Friday, December 30, 2011

A Lovely Treasure Island Tasting Room

This is a shared tasting room/winery located on Treasure Island, San Francisco, CA. The third winery sharing the space wasn't pouring any wines when I was there. They are one of four tasting rooms on Treasure Island.

The tasting room is spacious even with all the t-shirts and winery kitsch that is usually saved for the larger winery tasting rooms. The staff was very friendly and the winemaker for Stein Family Wines was pouring as well. The tasting room was busy, but not crowded when we went. They were doing a prawn paella banquet that day so when it was ready the room cleared up a bit and we were able to taste in peace. Even with the place crowded, the acoustics were such that were could hear each other and the winemaker just fine. They charge a small fee to taste up to five wines of the ten plus wines to choose from.

Thursday, December 29, 2011

Two Quick Reviews: Sparkling Wine and Sauvignon Blanc

Delmas Blanquette de Limoux Brut 2007 Cuvee Berlene ($20)

This French sparkling wine is from outside the Champagne region so even though its French and claims to be one of the oldest sparkling wine houses in the world (1531) it is not Champagne. The nose exhibited lemon and toast while the flavors on the tongue added pineapple to the lemon and brought the toast down to a yeasty bread. This was nicely crisp.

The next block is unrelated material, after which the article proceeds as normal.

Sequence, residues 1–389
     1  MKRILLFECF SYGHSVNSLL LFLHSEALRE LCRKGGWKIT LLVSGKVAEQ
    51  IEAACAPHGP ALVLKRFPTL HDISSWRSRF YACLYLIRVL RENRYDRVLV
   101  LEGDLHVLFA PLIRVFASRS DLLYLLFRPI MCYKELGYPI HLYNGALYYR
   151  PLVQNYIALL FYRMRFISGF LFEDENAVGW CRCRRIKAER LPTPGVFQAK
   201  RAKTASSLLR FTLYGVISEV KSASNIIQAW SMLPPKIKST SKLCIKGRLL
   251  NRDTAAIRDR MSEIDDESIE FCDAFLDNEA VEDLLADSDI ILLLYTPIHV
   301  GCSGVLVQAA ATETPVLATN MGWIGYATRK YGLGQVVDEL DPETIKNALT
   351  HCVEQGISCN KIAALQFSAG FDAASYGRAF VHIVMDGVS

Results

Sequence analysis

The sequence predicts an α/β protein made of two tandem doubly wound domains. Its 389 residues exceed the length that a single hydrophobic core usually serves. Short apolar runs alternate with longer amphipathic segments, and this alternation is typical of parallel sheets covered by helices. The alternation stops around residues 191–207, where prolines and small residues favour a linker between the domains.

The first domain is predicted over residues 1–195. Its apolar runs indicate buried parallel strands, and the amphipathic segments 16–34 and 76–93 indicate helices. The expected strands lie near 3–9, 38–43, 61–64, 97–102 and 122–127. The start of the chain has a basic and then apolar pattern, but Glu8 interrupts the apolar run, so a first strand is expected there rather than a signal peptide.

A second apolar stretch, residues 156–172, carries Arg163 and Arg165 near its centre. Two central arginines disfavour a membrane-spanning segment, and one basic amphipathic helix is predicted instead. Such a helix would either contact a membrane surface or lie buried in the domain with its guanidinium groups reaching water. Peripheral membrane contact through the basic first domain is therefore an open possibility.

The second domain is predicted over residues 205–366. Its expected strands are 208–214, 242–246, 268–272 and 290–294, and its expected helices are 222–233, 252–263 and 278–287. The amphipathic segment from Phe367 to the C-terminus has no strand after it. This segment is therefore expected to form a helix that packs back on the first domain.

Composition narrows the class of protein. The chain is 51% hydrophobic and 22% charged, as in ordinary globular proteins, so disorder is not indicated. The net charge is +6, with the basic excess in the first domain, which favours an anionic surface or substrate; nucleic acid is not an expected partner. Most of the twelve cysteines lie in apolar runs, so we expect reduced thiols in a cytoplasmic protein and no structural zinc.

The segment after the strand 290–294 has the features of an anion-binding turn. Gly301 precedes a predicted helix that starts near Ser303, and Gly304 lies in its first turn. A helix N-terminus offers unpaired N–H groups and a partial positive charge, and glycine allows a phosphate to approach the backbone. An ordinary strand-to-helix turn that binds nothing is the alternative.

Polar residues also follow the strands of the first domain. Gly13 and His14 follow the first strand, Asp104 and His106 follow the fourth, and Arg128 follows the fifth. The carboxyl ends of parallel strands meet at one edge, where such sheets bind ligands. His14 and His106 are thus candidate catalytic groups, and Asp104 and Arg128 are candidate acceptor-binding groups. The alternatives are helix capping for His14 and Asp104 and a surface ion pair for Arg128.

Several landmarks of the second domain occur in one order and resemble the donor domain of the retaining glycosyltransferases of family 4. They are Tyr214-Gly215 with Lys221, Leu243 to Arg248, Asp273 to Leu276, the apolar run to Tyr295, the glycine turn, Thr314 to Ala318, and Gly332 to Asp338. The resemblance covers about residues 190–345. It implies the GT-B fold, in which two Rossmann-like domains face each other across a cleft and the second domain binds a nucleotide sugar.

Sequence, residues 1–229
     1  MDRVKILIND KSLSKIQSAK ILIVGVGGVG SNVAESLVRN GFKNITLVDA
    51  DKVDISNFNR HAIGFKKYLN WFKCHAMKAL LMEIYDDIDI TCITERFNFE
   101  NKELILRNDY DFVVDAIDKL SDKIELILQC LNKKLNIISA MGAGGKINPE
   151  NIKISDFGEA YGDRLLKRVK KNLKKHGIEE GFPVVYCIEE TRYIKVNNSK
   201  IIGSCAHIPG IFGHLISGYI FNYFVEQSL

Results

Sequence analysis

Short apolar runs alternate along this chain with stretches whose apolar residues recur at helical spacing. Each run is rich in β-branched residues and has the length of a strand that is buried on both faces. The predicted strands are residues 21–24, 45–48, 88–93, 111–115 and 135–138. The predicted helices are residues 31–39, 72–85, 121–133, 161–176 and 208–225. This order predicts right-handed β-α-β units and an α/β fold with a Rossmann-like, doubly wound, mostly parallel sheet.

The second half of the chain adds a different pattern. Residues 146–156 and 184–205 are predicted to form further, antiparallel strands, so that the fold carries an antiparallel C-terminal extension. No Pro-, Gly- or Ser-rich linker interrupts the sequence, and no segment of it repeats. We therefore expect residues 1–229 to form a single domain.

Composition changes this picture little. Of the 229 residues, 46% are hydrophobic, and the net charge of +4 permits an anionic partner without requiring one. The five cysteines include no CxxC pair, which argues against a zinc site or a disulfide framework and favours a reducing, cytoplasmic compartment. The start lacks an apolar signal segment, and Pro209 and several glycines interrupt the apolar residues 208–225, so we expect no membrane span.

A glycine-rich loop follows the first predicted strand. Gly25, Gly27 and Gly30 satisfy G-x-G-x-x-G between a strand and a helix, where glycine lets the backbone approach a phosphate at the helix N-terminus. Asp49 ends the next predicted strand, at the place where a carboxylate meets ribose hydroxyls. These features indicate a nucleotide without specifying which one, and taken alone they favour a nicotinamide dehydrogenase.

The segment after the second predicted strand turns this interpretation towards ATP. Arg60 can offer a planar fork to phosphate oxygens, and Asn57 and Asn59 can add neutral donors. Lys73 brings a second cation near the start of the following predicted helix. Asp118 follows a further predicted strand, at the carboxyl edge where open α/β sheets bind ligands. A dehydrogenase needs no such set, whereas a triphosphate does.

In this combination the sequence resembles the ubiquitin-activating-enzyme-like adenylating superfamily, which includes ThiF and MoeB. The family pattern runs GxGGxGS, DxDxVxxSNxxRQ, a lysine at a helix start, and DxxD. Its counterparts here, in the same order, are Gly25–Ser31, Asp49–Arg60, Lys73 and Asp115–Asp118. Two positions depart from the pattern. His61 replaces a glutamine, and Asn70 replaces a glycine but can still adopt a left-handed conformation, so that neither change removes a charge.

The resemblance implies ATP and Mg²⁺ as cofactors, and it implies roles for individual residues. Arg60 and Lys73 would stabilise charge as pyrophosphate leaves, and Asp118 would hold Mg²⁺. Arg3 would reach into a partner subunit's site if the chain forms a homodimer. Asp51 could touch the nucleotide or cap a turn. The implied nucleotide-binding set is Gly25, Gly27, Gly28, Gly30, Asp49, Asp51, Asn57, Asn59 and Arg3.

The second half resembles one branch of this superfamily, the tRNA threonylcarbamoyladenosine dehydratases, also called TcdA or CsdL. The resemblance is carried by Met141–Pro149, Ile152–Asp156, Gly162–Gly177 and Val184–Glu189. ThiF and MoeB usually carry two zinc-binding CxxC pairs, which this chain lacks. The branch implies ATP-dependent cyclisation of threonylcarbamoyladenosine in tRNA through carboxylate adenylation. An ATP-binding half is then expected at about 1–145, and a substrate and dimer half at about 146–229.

Bartholomew Park Winery 2009 Sauvignon Blanc ($22)

The grapes were sourced from Napa and Sonoma counties.This offering was a pale lemon yellow with a slight greenish hue which is indicative of its ripeness. The more golden a white wine the more ripe the berries. This was a wonderful Sauvignon Blanc with loads of guava, hints of passion fruit, and a floral nose. The guava followed through to the palate where it was joined by green apple. It had a lovely crisp finish.

Wednesday, December 28, 2011

Unoaked Pinot Noir: A Bright New Take On Pinot

Weingut Friedrich Becker Spätburgunder 2008 Pfalz  (15 Euros)

First off Spätburgunder is the German name for Pinot Noir. This is from the Pfalz region of Germany. Pfalz is the second largest wine producing area in Germany. This wine is in the qualitätswein trocken category. Trocken meaning dry and qualitätswein being an indication of wine quality just like it sounds.  Although Deutschland is known for their sweet whites, namely Riesling, the fondness for dry reds is growing and about a third of the grapes grown in Germany are now red. They don't have the climate for the deeper full bodied reds, but they do make some lovely Pinot Noirs. Not as lovely as Burgundy, California, or Oregon, but they are much less expensive (especially in Germany) and its always nice to taste a "new to you" terroir.